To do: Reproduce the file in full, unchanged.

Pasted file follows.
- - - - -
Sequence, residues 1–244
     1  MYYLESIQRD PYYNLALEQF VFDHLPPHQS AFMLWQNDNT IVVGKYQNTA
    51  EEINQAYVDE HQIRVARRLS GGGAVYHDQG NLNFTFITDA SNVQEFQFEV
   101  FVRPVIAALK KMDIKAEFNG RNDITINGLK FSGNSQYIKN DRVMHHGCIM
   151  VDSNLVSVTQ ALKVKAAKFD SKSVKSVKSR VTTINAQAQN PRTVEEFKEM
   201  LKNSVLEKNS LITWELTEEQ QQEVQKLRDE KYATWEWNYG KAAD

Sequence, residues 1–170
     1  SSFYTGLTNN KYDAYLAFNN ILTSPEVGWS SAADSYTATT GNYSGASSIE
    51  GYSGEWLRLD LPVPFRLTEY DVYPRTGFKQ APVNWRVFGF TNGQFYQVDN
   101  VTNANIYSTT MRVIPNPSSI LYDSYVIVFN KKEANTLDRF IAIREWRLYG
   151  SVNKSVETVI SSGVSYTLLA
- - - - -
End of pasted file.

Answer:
Sequence, residues 1–244
     1  MYYLESIQRD PYYNLALEQF VFDHLPPHQS AFMLWQNDNT IVVGKYQNTA
    51  EEINQAYVDE HQIRVARRLS GGGAVYHDQG NLNFTFITDA SNVQEFQFEV
   101  FVRPVIAALK KMDIKAEFNG RNDITINGLK FSGNSQYIKN DRVMHHGCIM
   151  VDSNLVSVTQ ALKVKAAKFD SKSVKSVKSR VTTINAQAQN PRTVEEFKEM
   201  LKNSVLEKNS LITWELTEEQ QQEVQKLRDE KYATWEWNYG KAAD

Sequence, residues 1–170
     1  SSFYTGLTNN KYDAYLAFNN ILTSPEVGWS SAADSYTATT GNYSGASSIE
    51  GYSGEWLRLD LPVPFRLTEY DVYPRTGFKQ APVNWRVFGF TNGQFYQVDN
   101  VTNANIYSTT MRVIPNPSSI LYDSYVIVFN KKEANTLDRF IAIREWRLYG
   151  SVNKSVETVI SSGVSYTLLA